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Alcohol Clin Exp Res. 2006 Jan;30(1):76-85.

Acute ethanol treatment modulates Toll-like receptor-4 association with lipid rafts.

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  • 1Department of Medicine, University of Massachusetts Medical School, Worcester, Massachusetts 01605-2324, USA.



Alcohol, a substance that is most frequently abused, suppresses innate immune responses to microbial pathogens. The host senses pathogens via Toll-like receptors (TLRs). Recent studies indicate that alcohol affects TLR signaling.


Here, we hypothesized that acute alcohol treatment may interfere with early steps of membrane-associated TLR2 and TLR4 signaling at the level of lipid rafts. Human monocytes and Chinese hamster ovary (CHO) cells, transfected with human TLR2, TLR4, or CD14, were stimulated with peptidoglycan (PGN, TLR2 ligand) or lipopolysaccharide (LPS, TLR4 ligand) with or without alcohol (50 mM) and analyzed for cytokine production (enzyme-linked immunosorbent assay), nuclear factor-kappaB (NF-kappaB) activation (electrophoretic mobility shift assay), membrane fluidity (fluorescent pyrene eximer formation), and partition of cellular membrane into cholesterol-rich, detergent-resistant domains (DRMs; Western blot).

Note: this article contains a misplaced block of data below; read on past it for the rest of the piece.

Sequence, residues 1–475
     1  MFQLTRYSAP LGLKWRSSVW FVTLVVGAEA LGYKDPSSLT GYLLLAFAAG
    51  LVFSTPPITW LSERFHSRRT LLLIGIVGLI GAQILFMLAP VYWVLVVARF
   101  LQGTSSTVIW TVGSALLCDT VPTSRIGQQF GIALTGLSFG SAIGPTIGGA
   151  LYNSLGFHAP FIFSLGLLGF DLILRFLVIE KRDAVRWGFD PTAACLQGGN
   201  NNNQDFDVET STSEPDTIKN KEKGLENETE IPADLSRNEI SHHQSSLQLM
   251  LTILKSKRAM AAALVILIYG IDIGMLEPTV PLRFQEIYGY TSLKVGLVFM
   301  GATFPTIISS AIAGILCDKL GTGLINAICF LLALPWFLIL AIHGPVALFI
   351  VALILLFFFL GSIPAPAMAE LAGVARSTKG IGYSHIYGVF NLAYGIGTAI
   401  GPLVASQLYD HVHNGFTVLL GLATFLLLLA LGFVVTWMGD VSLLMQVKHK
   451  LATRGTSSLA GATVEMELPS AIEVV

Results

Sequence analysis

We determined that both TLR2 and TLR4 were located outside the rafts; flotillin, a DRM marker, was resident in the rafts, while CD14 was equally distributed in and outside the rafts in a steady-state condition. PGN forced TLR2 to migrate into DRMs. Engagement of TLR4 and CD14 with LPS induced their migration into the rafts. Alcohol prevented TLR4 partitioning; however, it did not affect TLR2 migration into the rafts. Furthermore, alcohol downregulated TLR4-induced, but not TLR2-induced, NF-kappaB activation and cytokine production in monocytes. We found that alcohol increased membrane fluidity and depleted cellular cholesterol in CHO cells without affecting cell viability.


These data demonstrate for the first time that alcohol disturbs TLR4 and CD14 association with lipid rafts. We propose that alcohol-induced effects on lipid rafts may contribute to modulation of TLR4-CD14-triggered early cellular responses.

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